Sheaffer pens

Walter A. Sheaffer was born in Bloomfield, Iowa in 1867, the son of a local jeweler. He learned the jewelry trade himself, and shortly after the turn of the century took over a shop in Fort Madison, Iowa.

In 1907, Sheaffer began work on his own unique fountain pen design. By the next year, he had his first patent, and by 1912, with help from two former associates of the Conklin company, Sheaffer had converted his jewelry shop into a pen factory and began selling his products to the public.

The Sheaffer lever fill system would go on to become the standard of the industry in the U.S. and abroad for several years after the Sheaffer company itself gave them up in the 1940s.

tour this exhibit

or, view individual pen images:

1930 jade green Lifetime Balance

1930s jade green Lifetime ringtop

pair of mid-'30s Lifetimes

1943 Vac-Fil

pair of 1950s Snorkel fillers

pair of 1980s Targas

A typical Sheaffer magazine advertisement from the late 20s. These lush layouts featured the giant "S" decorated in Art Nouveau style, with colorful depictions of the products (color, after all, was Sheaffer's big selling point in those days).

The lever filler was superior to other self fillers of the time because there were no parts to remove and lose (as with the Parker button-filler), no parts to have to carry around in order to accomplish the filling (as with matchstick and coin fillers), and no unsightly protrusions from the barrel (as with the Conklin crescent filler). On the strength of this innovation, Sheaffer's sales grew rapidly throughout the rest of the '10s.

Despite the firm's vigorous legal defense of its patents, the lever filler soon spread to most of the rest of the industry. and the company's offerings were no longer unique. It was time for more innovation.

Early fountain pens were rather expensive, and were regarded as not always perfectly reliable. Sheaffer decided to address this perception in 1920 by offering a pen that cost even more ($8.25, versus $3 or less among the competition) but carried a lifetime guarantee. The white-dotted Lifetime pens with their serially-numbered gold points sold extremely well despite the price, and remained in the Sheaffer line for the next three decades or so (by which time the white dot would become a general trademark for all of Sheaffer's products).


The 1920s were a busy period at Fort Madison. Sheaffer developed its own aniline based ink, which it sold as "Skrip, the successor to ink" (and took pains to avoid the i-word in its advertisements thereafter). The sensational Radite (pyroxalin resin or celluloid) pens appeared in 1924, available at first in marbled jade green and black colors; these pens were much more durable and stable than other "colored" pens that had appeared on the market; they were in instant hit, and within five years or so all of the other important U.S. brands had switched over to some form of celluloid. In 1930, Sheaffer introduced the taper-ended Balance, which set yet another industry trend for "streamlined" pens, and was literally the shape of Sheaffers to come for the next three decades. More marbled and mottled colors were offered in the '30s, along with snazzy striated solid/pearlescent finishes. Clips evolved from "old timey" ball end types to the sleek, rigid, internally sprung types of the 40s and 50s.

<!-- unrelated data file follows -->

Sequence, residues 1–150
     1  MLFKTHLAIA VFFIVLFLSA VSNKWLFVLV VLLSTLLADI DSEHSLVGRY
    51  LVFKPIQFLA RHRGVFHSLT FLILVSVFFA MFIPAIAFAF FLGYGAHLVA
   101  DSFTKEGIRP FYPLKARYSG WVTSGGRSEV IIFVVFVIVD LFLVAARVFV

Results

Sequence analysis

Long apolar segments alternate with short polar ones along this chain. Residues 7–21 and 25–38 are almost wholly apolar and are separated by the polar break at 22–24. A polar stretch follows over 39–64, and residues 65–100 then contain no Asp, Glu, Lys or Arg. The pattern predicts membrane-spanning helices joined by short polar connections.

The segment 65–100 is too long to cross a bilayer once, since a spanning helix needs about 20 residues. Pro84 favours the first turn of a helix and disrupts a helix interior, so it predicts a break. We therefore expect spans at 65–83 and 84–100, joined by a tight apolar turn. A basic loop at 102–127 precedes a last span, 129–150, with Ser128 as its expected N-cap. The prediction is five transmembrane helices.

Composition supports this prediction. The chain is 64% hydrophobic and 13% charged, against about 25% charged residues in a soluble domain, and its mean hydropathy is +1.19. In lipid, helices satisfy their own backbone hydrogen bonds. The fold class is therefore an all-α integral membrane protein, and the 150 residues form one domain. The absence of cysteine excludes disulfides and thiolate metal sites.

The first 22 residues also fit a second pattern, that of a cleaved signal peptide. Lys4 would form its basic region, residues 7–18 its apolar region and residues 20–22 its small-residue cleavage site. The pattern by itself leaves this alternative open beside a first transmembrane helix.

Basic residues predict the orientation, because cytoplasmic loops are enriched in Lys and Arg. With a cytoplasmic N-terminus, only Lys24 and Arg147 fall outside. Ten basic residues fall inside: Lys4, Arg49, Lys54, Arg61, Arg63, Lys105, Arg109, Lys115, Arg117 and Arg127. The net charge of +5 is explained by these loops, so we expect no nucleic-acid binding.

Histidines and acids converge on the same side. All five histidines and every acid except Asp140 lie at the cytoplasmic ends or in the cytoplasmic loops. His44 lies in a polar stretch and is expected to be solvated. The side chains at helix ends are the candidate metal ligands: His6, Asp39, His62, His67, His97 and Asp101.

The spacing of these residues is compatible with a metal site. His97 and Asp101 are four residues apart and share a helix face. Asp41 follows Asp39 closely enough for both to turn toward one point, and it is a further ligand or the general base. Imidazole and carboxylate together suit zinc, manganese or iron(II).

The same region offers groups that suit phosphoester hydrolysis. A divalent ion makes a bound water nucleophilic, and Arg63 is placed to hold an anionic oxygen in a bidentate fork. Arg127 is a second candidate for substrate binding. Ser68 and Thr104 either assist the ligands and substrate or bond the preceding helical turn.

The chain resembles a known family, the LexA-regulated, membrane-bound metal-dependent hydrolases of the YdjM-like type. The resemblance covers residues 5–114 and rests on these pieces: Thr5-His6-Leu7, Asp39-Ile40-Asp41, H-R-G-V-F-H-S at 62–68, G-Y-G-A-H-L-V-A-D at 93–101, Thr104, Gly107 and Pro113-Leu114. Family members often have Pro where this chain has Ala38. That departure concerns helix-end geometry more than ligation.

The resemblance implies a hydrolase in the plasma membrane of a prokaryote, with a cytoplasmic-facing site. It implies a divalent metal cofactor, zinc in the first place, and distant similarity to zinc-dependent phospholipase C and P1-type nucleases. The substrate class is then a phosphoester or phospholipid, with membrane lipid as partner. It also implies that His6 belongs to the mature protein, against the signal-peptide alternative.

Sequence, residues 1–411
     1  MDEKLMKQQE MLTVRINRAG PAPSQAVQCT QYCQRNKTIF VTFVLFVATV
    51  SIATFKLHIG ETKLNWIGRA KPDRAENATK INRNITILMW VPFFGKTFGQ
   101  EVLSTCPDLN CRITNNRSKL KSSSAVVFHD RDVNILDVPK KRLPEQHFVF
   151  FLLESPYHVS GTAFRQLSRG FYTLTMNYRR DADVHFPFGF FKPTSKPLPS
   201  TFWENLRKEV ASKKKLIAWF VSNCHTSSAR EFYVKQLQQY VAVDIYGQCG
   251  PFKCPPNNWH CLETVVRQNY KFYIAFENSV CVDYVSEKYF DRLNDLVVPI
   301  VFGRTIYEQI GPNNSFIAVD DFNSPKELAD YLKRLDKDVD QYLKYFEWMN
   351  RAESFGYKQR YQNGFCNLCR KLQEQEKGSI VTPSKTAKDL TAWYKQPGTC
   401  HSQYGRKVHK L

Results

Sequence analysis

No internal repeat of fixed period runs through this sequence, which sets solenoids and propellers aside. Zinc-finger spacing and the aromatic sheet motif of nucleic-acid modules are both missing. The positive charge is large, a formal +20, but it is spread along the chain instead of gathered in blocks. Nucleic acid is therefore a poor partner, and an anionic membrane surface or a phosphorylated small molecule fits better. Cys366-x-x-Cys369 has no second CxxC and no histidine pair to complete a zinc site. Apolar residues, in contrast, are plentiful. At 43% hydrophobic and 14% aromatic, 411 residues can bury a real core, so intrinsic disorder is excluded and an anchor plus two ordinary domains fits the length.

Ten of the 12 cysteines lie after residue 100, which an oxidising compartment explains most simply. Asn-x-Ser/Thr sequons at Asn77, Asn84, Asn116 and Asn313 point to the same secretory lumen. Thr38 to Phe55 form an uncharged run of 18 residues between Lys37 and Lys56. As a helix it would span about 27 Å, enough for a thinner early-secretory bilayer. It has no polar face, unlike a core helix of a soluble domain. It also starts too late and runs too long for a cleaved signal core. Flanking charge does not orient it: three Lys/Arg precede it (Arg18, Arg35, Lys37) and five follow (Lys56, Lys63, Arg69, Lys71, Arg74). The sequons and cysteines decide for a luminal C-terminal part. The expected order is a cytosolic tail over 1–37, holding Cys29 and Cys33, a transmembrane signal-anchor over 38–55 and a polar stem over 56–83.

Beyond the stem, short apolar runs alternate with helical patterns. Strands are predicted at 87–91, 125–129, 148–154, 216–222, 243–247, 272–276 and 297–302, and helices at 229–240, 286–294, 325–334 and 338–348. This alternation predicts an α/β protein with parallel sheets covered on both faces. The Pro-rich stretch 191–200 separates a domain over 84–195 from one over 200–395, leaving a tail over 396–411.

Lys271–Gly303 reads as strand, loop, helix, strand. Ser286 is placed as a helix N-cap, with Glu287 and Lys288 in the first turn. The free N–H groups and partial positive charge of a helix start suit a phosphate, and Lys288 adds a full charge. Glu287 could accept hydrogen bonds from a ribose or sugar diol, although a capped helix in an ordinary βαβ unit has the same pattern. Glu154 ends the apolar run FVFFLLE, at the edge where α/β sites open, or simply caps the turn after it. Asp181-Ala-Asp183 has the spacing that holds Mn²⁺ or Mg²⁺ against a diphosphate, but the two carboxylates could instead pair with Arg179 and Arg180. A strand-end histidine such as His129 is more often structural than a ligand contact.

Sheaffer's first departure from the old faithful lever filler came in 1935 with the introduction of the sacless Vac-Fil models, which were sold alongside the more conventional lever fillers (Sheaffer had introduced a plunger filler in its Wasp "junior" brand the year before). These pens worked on the same pneumatic principle as pens like the Onoto and others. Sheaffer marketing materials pointed out smugly that the Vac-Fil, unlike Parker's popular Vacumatic, was truly a "sacless" pen since the Parker pen used an inverted rubber sac for a pressure diaphragm (which presents the same dryout risk as a full sac), and also informed salesmen that the Vac-Fil had up to 400% greater ink capacity than competitive models.

After WWII, two more new filing systems were introduced (both, curiously, sac based), the Touchdown and Snorkel fillers.

If the Vac-Fil was an answer to Parker's Vacumatic, the conical Triumph point of 1942 was clearly a nod toward Parker's 51, helping Sheaffer's lineup look a bit less old-fashioned when compared to the sleek new Parker. The inlay point made its first appearance on the Pen for Men (PFM) of the late 1950s), and has remained a Sheaffer hallmark ever since.

Sheaffer has been through several changes in management over the past thirty years or so, most recently having been purchased by Bic (in the summer of 1997). The company has remained very active in all sectors of the industry, with a product range that currently encompasses inexpensive cartridge pens for students all the way up to a limited-edition reissue of the original Balance.

This file last posted on:
2005-Jan-20 17:50:26 CST
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